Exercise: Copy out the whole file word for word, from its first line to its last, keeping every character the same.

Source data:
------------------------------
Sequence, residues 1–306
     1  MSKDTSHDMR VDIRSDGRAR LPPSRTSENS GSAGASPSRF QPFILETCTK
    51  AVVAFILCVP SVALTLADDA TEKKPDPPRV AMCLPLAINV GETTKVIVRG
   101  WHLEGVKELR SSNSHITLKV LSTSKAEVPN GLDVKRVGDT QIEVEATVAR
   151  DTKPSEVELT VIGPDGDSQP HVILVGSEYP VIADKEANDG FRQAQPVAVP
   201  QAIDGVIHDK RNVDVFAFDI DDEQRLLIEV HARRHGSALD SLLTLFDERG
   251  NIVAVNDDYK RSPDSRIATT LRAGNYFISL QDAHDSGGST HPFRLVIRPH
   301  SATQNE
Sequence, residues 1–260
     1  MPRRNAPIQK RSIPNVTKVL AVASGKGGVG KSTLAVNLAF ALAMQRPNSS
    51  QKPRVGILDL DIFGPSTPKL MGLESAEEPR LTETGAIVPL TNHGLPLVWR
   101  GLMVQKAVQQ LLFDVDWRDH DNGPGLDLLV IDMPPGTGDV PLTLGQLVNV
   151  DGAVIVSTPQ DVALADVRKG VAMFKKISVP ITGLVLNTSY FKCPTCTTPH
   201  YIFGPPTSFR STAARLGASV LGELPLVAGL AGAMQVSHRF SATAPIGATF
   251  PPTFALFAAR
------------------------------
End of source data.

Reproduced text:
Sequence, residues 1–306
     1  MSKDTSHDMR VDIRSDGRAR LPPSRTSENS GSAGASPSRF QPFILETCTK
    51  AVVAFILCVP SVALTLADDA TEKKPDPPRV AMCLPLAINV GETTKVIVRG
   101  WHLEGVKELR SSNSHITLKV LSTSKAEVPN GLDVKRVGDT QIEVEATVAR
   151  DTKPSEVELT VIGPDGDSQP HVILVGSEYP VIADKEANDG FRQAQPVAVP
   201  QAIDGVIHDK RNVDVFAFDI DDEQRLLIEV HARRHGSALD SLLTLFDERG
   251  NIVAVNDDYK RSPDSRIATT LRAGNYFISL QDAHDSGGST HPFRLVIRPH
   301  SATQNE
Sequence, residues 1–260
     1  MPRRNAPIQK RSIPNVTKVL AVASGKGGVG KSTLAVNLAF ALAMQRPNSS
    51  QKPRVGILDL DIFGPSTPKL MGLESAEEPR LTETGAIVPL TNHGLPLVWR
   101  GLMVQKAVQQ LLFDVDWRDH DNGPGLDLLV IDMPPGTGDV PLTLGQLVNV
   151  DGAVIVSTPQ DVALADVRKG VAMFKKISVP ITGLVLNTSY FKCPTCTTPH
   201  YIFGPPTSFR STAARLGASV LGELPLVAGL AGAMQVSHRF SATAPIGATF
   251  PPTFALFAAR